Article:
USA v. Madrigal

Filing 920060530

Opinion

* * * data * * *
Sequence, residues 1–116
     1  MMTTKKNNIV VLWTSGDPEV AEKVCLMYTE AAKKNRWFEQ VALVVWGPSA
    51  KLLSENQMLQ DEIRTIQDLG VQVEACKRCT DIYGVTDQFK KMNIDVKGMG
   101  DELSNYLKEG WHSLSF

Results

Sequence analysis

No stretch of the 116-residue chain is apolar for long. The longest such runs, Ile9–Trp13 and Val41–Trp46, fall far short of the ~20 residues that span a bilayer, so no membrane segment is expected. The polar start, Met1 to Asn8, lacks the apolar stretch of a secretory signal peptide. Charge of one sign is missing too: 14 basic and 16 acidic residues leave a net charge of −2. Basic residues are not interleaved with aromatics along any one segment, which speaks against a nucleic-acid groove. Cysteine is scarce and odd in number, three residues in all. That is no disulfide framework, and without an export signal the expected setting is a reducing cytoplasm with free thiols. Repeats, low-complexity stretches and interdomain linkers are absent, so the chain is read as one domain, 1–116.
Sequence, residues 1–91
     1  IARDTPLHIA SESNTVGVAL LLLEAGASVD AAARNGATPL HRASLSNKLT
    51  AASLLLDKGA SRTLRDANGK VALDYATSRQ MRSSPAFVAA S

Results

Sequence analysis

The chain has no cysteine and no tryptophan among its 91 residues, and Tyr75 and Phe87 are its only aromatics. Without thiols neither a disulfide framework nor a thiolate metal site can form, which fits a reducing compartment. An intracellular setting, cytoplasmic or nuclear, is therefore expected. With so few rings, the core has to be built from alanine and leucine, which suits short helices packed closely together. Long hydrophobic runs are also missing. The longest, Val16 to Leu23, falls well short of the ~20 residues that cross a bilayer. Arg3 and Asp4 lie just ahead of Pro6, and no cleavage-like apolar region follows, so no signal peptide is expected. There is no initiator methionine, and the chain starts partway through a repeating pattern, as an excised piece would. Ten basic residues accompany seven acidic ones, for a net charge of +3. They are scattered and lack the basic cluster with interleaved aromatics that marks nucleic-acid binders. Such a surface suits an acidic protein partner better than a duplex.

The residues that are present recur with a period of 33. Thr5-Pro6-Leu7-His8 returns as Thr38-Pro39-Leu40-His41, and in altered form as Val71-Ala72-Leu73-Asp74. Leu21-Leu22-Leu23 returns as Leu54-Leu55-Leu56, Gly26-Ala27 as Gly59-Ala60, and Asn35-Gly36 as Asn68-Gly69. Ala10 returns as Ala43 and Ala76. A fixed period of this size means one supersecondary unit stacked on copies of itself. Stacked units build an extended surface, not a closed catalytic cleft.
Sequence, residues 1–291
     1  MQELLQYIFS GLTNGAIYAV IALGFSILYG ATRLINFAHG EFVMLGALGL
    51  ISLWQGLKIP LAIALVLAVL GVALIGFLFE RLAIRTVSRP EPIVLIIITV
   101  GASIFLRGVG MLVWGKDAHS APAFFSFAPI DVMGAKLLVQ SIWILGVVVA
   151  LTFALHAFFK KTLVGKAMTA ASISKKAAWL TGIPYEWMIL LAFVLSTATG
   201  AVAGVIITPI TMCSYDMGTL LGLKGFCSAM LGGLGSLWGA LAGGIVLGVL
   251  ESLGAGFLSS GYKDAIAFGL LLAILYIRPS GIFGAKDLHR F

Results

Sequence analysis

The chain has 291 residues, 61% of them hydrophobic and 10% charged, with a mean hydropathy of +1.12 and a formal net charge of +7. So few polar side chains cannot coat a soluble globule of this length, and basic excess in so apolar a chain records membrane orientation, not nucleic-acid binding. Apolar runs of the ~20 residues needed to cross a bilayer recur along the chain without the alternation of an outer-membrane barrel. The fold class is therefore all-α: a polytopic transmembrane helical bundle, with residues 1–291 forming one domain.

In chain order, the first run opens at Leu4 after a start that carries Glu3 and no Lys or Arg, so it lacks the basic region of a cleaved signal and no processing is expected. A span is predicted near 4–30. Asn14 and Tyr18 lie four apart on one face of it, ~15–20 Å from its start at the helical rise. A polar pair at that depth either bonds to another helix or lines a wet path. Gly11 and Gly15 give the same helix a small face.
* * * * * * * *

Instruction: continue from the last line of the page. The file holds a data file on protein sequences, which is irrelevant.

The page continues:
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NOT RECOMMENDED FOR FULL-TEXT PUBLICATION File Name: 06a0381n.06 Filed: May 30, 2006 No. 05-5340 / 5348 UNITED STATES COURT OF APPEALS FOR THE SIXTH CIRCUIT UNITED STATES OF AMERICA, Plaintiff-Appellee, v. JOSE GONZALES and VICTORIO MADRIGAL, Defendants-Appellants. ON APPEAL FROM THE UNITED STATES DISTRICT COURT FOR THE EASTERN DISTRICT OF KENTUCKY OPINION BEFORE: SILER and ROGERS, Circuit Judges; JORDAN, Senior District Judge.* LEON JORDAN, District Judge. Codefendants Jose Gonzales and Victorio Madrigal appeal from their cocaine possession, distribution, and conspiracy convictions. Gonzales argues that the district court erred by not, sua sponte, requiring an audio recording of his Spanish-speaking trial interpreter. Madrigal contends that the district court erred in denying his motion for judgment of acquittal. For the reasons that follow, appellants' convictions are affirmed. The Honorable R. Leon Jordan, Senior United States District Judge for the Eastern District of Tennessee, sitting by designation. * United States v. Gonzales, 05-5340 United States v. Madrigal, 05-5348 I. On October 7, 2004, a federal grand jury returned a thirteen-count superseding indictment against Gonzales, Madrigal, Filadelfo Vargas, Carlos Ortega, and Raul Alfaro. Count one of the indictment charged the present appellants with conspiring to distribute and to possess with the intent to distribute 500 grams or more of cocaine between January 12 and June 7, 2004, in violation of 21 U.S.C. 846; counts five and six (Gonzales) and count eight (Madrigal) charged appellants with distributing cocaine in violation of 21 U.S.C. 841(a)(1); and count eleven charged appellants with possessing with the intent to distribute 500 grams or more of cocaine on June 7, 2004, in violation of 21 U.S.C. 841(a)(1). Vargas, Ortega, and Alfaro subsequently entered guilty pleas. Gonzales and Madrigal went to trial and were convicted on all counts. A Spanish-speaking interpreter was utilized at trial. Gonzales did not move for a recording of the interpreter, although he would have been permitted by the Court Interpreters Act to so move. II. The instant prosecutions followed a six-month series of undercover cocaine purchases at A's De Oro Bar (also called the Bradshaw Street Bar) in Shelbyville, Kentucky. A confidential informant purchased cocaine from Gonzales on February 23, 2004. On -2- United States v. Gonzales, 05-5340 United States v. Madrigal, 05-5348 February 28, 2004, the informant purchased additional cocaine from Vargas, who then "signaled" for Gonzales to retrieve the drugs from behind the bar. On March 8, 2004, the informant purchased two ounces of cocaine, packaged in clear sandwich bags, from Madrigal, who counted the purchase money and stuck it in his pocket. This transaction began with the informant asking Madrigal "if he had some merchandise for me," to which Madrigal responded in the affirmative. The informant made a purchase from Vargas the previous day. Madrigal's car was in the A's De Oro parking lot at the time. The final buy took place on June 7, 2004. The informant and an undercover officer arranged to purchase 1.5 kilos of cocaine from Vargas. Vargas again "signaled," or gestured with his hand, for Gonzales and Madrigal to retrieve the drugs. The appellants then left A's De Oro together in a pickup truck and returned with the cocaine in a detergent box. Gonzales was the driver. After appellants returned with the drugs, Madrigal slowly walked away from the truck and was not seen actually touching the detergent box. III. Gonzales argues that the district court erred by not, sua sponte, requiring a recording of his Spanish-speaking interpreter at trial. Because of this alleged error, Gonzales contends that now "a post-trial review of the entire record cannot be made to check for potential errors, thus violating the Appellant's right to a fair trial and due process." Going -3- United States v. Gonzales, 05-5340 United States v. Madrigal, 05-5348 one step further, Gonzales's counsel at oral argument stated that a recording should always be required as a matter of public policy. According to Gonzales, we must review his appeal de novo. He is incorrect. Because Gonzales did not move for a recording, and because he did not object to the absence of a recording, this court reviews for plain error. See United States v. Camejo, 333 F.3d 669, 672 (6th Cir. 2003); United States v. Markarian, 967 F.2d 1098, 1104 (6th Cir. 1992). "The plain error doctrine mandates reversal only in exceptional circumstances and only where the error is so plain that the trial judge and prosecutor were derelict in countenancing it." United States v. Slone, 833 F.2d 595, 598 (6th Cir. 1987) (citations and quotations omitted). The Court Interpreters Act provides in material part that [u]pon the motion of a party, the presiding judicial officer shall determine whether to require the electronic sound recording of a judicial proceeding in which an interpreter is used under this section. In making this determination, the presiding judicial officer shall consider, among other things, the qualifications of the interpreter and prior experience in interpretation of court proceedings[,] whether the language to be interpreted is not one of the languages for which the Director [of the Administrative Office of the United States Courts] has certified interpreters, and the complexity or length of the proceeding. 28 U.S.C. 1827(d)(2) (emphasis added). Trial courts are allowed broad discretion in interpreter-related decisions. See Markarian, 967 F.2d at 1104. None of the 1827(d)(2) considerations (qualification, certification, and experience of the interpreter, or the complexity and length of trial) appear -4- United States v. Gonzales, 05-5340 United States v. Madrigal, 05-5348 relevant in this case. Gonzales himself concedes: that he "cannot raise any instances where there were problems that harmed the Appellant"; that "the interpreters appeared to be competent"; and that there is "an assumption that no mistakes were made, because none seemed apparent." Again, Gonzales neither requested a recording of the interpreter nor objected to the lack thereof. Gonzales's position may be to some extent alluring from a public policy standpoint. Legally, however, the position is without merit. Section 1827(d)(2) is written in discretionary, not mandatory, terms. Gonzales has not even suggested a problem with the quality or effectiveness of his interpreter, or any other consideration that should have caused the district court to exercise its broad discretion to order a recording. The belated argument that mistakes occur and "could have been made" in this case is simply not enough to demonstrate error, plain or otherwise. IV. At the close of the government's case, appellant Madrigal moved for a judgment of acquittal pursuant to Rule 29(a) of the Federal Rules of Criminal Procedure. The motion was denied. Madrigal now challenges the denial of his motion only as it pertains to counts one (conspiracy to possess and distribute at least 500 grams of cocaine) and eleven (possession with intent to distribute at least 500 grams of cocaine). -5- United States v. Gonzales, 05-5340 United States v. Madrigal, 05-5348 An appellant claiming insufficiency of the evidence "bears a heavy burden." United States v. Maliszewski, 161 F.3d 992, 1005 (6th Cir. 1998). This panel reviews de novo the denial of a Rule 29 motion, determining "whether, after viewing the evidence in the light most favorable to the prosecution, any rational trier of fact could have found the essential elements of the crime beyond a reasonable doubt." Jackson v. Virginia, 443 U.S. 307, 319, 99 S. Ct. 2781, 61 L. Ed. 2d 560 (1979). The Jackson standard requires us to view both circumstantial and direct evidence in a light most favorable to the prosecution. United States v. Hofstatter, 8 F.3d 316, 324 (6th Cir. 1993) . . . . "Circumstantial evidence alone, if substantial and competent, may support a verdict and need not remove every reasonable hypothesis except that of guilt." [United States v.] Talley, 194 F.3d at 765 (quoting United States v. Keeton, 101 F.3d 48, 52 (6th Cir. 1996)). United States v. Humphrey, 279 F.3d 372, 378 (6th Cir. 2002) (emphasis in original). A reviewing court does not weigh evidence, assess witness credibility, or substitute its judgment for that of the jury. United States v. Wright, 16 F.3d 1429, 1440 (6th Cir. 1994). The district court explained its denial of Madrigal's motion as follows: Applying the same standards that as set forth in Jackson v. Virginia, on March 8th, 2004, Mr. Vargas told the confidential informant to purchase to pick up the cocaine that he had arranged to buy from the bartender there at the bar on Bradshaw Street. That bartender provided [the informant] with the cocaine as planned and took the money that was to be paid for it. And that bartender was Mr. Madrigal which I believe is sufficient to go forward both on the conspiracy and the distribution count. On [June] 7th, Mr. Vargas arranged with the confidential informant to buy [a] kilo and a half, give or take, of cocaine and the truck that was carrying what -6- United States v. Gonzales, 05-5340 United States v. Madrigal, 05-5348 turned out to be the cocaine was driven by I can't remember who drove and who was the passenger. But in either case, Mr. Gonzalez [sic] and Mr. Madrigal were in that truck that brought it back. So I think there is sufficient evidence on both to go to the jury. To establish guilt on the conspiracy count, the government was required to prove Madrigal's: (1) agreement to violate drug laws; (2) knowledge and intent to join the conspiracy; and (3) participation in the conspiracy. United States v. Salgado, 250 F.3d 438, 446 (6th Cir. 2001). The agreement need not have been formal. Id. at 447. "Although mere presence at the crime scene is insufficient to show participation, a defendant's participation in the conspiracy's common purpose and plan may be inferred from the defendant's actions and reactions to the circumstances." Id. "[T]he connection between the defendant and the conspiracy need only be slight, and the government is only required to prove that the defendant was a party to the general conspiratorial agreement." Id. As for the charge of possession with intent to distribute, the government was required to prove that Madrigal: (1) knowingly; (2) possessed a controlled substance; (3) with the intent to distribute. United States v. Gibbs, 182 F.3d 408, 424 (6th Cir. 1999). Possession may be constructive, which "requires that a person knowingly have power and -7- United States v. Gonzales, 05-5340 United States v. Madrigal, 05-5348 intention to exercise control over an object," and may be shown by circumstantial evidence. Id. (citation omitted). We conclude, for the reasons articulated by the district court, that a rational trier of fact could find the essential elements of each crime beyond a reasonable doubt. Madrigal, at Vargas's direction, participated in the retrieval of 1.5 kilos of cocaine on June 7, 2004. Madrigal's March 8 sale of a lesser amount of drugs evidences his knowledge of, and participation in, the enterprise. Again, possession may be constructive, "the connection between the defendant and the conspiracy need only be slight, and the government is only required to prove that the defendant was a party to the general conspiratorial agreement." Salgado, 250 F.3d at 447. V. The district court erred neither as to the interpreter recording nor as to Madrigal's motion for judgment of acquittal. We therefore AFFIRM both appellants' convictions. -8-